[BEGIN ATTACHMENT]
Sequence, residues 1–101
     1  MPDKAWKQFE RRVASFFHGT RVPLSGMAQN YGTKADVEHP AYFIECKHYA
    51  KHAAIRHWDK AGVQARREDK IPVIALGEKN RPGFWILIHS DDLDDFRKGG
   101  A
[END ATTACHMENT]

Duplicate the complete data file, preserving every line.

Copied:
Sequence, residues 1–101
     1  MPDKAWKQFE RRVASFFHGT RVPLSGMAQN YGTKADVEHP AYFIECKHYA
    51  KHAAIRHWDK AGVQARREDK IPVIALGEKN RPGFWILIHS DDLDDFRKGG
   101  A